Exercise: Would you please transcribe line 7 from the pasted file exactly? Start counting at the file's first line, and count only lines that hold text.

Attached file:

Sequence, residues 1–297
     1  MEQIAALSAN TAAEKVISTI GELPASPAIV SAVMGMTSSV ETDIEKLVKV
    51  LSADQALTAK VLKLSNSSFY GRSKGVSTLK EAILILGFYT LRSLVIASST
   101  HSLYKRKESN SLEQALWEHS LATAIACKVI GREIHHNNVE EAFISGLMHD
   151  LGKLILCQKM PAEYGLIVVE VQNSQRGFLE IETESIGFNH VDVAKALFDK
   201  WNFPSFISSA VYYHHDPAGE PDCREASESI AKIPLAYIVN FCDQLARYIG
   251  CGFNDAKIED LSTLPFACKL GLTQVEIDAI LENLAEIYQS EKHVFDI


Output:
   251  CGFNDAKIED LSTLPFACKL GLTQVEIDAI LENLAEIYQS EKHVFDI